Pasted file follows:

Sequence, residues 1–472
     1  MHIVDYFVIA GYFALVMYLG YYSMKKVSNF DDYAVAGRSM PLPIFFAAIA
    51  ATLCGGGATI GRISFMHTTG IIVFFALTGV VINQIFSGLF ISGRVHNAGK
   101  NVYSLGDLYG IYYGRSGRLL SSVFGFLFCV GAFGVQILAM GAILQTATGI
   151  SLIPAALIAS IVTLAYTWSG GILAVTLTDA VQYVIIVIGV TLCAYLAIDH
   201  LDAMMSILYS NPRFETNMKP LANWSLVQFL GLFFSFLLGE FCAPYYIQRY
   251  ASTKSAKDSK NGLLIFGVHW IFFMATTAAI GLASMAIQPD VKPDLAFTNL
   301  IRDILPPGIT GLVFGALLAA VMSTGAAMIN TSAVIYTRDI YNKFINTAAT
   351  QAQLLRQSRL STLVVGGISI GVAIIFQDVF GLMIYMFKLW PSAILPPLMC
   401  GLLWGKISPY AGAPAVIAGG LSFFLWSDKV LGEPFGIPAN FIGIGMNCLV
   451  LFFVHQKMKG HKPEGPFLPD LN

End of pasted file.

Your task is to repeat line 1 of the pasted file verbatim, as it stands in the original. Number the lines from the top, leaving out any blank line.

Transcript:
Sequence, residues 1–472